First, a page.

Sunday, August 2, 2015

Oscars make history - but will we remember 'Slave' or selfie?

`12 Years a Slave' won the best picture prize at the 86th Academy Awards, making its producer and director, Steve McQueen, the first black to accept the top Oscar, and Alfonso Cuaron became the first Latino to win the best directing prize. But Ellen DeGeneres' super-selfie made a different kind of history.

Oscars make history – but will we remember 'Slave’ or selfie?

Steve McQueen holds his Best Picture Oscar aloft. Photo: Jason Merritt/Getty Images
Steve McQueen holds his Best Picture Oscar aloft. Photo: Jason Merritt/Getty Images

The 86th Academy Awards made history Sunday night: Steve McQueen became the first black person to win the best picture prize, accepting the golden statuette as producer of the harrowing true-life story, 12 Years a Slave. McQueen lost the directing Oscar to Alfonso Cuaron, but the Gravity man’s win was historic, too: the Mexican-born Cuaron became the first Latino to win the Academy’s best director prize.

But will we remember any of that when people look back on the ceremonies celebrating 2013’s best? Or will they just talk about how host Ellen DeGeneres "broke” Twitter with her star-studded selfie – Bradley Cooper, Brad Pitt, Julia Roberts, Meryl Streep, Jennifer Lawrence,  Kevin Spacey, Lupita Nyong’o and her brother mugging with Degeneres as she wielded her Samsung down in the front rows, breaking the record for the most retweets (1.7 million)  in less than an hour? DeGeneres had trouble getting her lines out when she was up on the Dolby Theatre stage presiding over the evening’s long, lumbering show. But the comedian displayed way more skill – and enthusiasm – in her role as social media diva, beaming as she showed off her super-selfies and boasting to a worldwide TV audience that she had brought Twitter crashing down, all thanks to her stiff-arming, smart-phoning, hashtagging prowess.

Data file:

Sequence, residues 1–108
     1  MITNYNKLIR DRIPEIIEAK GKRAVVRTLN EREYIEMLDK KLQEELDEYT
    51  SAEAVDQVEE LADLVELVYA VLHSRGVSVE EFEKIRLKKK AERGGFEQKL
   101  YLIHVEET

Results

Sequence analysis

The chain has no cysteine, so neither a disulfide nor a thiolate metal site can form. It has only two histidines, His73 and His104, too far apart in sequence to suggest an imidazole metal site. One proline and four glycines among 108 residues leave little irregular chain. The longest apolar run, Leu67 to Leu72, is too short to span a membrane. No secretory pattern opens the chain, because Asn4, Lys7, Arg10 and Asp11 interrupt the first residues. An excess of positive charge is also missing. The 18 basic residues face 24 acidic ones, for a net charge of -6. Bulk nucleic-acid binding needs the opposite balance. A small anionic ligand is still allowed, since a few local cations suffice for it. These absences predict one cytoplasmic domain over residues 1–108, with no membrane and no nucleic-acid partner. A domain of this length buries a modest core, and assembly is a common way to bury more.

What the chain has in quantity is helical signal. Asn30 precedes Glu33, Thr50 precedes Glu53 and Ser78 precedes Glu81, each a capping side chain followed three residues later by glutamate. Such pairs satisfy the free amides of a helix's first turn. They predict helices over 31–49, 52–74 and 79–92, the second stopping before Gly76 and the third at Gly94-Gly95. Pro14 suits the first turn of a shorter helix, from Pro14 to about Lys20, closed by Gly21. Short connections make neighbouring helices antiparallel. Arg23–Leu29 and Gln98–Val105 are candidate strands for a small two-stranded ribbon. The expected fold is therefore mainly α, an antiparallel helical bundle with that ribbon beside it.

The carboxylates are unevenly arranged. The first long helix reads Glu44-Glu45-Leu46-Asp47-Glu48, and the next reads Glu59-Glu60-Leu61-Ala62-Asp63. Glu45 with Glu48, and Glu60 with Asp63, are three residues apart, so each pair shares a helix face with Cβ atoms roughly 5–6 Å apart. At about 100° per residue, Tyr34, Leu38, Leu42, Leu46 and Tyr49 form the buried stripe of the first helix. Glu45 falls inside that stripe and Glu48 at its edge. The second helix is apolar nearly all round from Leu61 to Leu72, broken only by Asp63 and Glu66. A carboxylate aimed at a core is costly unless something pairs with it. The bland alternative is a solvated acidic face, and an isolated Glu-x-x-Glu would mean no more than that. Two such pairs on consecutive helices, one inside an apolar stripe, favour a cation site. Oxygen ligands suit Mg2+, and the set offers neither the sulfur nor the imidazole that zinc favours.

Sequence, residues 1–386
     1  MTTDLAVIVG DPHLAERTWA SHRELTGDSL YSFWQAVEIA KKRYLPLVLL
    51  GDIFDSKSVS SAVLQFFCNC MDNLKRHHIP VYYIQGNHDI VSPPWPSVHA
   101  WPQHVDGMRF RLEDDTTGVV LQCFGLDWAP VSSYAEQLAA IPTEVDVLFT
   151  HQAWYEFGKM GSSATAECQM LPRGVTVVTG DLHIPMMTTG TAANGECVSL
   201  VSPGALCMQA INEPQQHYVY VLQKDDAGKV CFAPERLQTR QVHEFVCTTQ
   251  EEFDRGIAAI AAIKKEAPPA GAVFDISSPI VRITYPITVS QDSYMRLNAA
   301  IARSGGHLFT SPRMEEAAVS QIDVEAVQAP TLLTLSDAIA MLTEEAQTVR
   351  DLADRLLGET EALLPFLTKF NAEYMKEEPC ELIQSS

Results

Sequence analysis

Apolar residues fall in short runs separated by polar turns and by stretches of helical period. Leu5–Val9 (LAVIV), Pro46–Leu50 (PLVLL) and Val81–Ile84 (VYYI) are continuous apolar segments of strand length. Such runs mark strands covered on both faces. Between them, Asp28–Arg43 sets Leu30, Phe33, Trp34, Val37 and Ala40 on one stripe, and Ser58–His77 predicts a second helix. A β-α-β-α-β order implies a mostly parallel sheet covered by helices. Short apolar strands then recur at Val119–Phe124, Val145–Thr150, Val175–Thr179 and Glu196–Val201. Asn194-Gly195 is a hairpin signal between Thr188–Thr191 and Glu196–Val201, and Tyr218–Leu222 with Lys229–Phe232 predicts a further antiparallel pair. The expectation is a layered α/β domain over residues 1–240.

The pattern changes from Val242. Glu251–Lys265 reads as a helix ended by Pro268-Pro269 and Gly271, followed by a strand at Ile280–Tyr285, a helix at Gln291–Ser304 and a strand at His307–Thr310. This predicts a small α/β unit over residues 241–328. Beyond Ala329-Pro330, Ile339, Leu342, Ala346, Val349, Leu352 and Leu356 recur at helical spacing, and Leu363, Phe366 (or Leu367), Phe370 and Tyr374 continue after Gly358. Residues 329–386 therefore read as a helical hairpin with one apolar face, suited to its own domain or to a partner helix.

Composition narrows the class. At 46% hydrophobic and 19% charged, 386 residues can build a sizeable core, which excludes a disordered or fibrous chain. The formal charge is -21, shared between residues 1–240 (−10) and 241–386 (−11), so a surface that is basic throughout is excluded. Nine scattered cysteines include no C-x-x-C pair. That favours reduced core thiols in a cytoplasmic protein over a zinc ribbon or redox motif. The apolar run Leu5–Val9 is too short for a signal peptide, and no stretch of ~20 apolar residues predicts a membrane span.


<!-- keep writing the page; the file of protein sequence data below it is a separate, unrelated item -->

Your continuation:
Talk about swimming in the lake of me. DeGeneres celebrates her Twitter might, while McQueen breaks a Hollywood color barrier – with a film  that powerfully and provocatively explores America’s troubled past and the seeds of racism sown centuries ago. Retweet that, why dontcha?   

Inquirer Movie Columnist and Critic
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About this blog

Steven Rea has been an Inquirer movie critic since 1992. He was born in London, raised in New York City, and has lived in Los Angeles, San Francisco and Iowa City, Iowa. His column, "On Movies," appears Sundays in Arts & Entertainment, his reviews appear in the Weekend section on Fridays. He is a member of the National Society of Film Critics.

Read his most recent columns and reviews, here. He is the author of the book “Hollywood Rides a Bike,” and also curates the movie stars and bicycling photo blog, Rides A Bike.

Reach Steven at

Steven Rea Inquirer Movie Columnist and Critic
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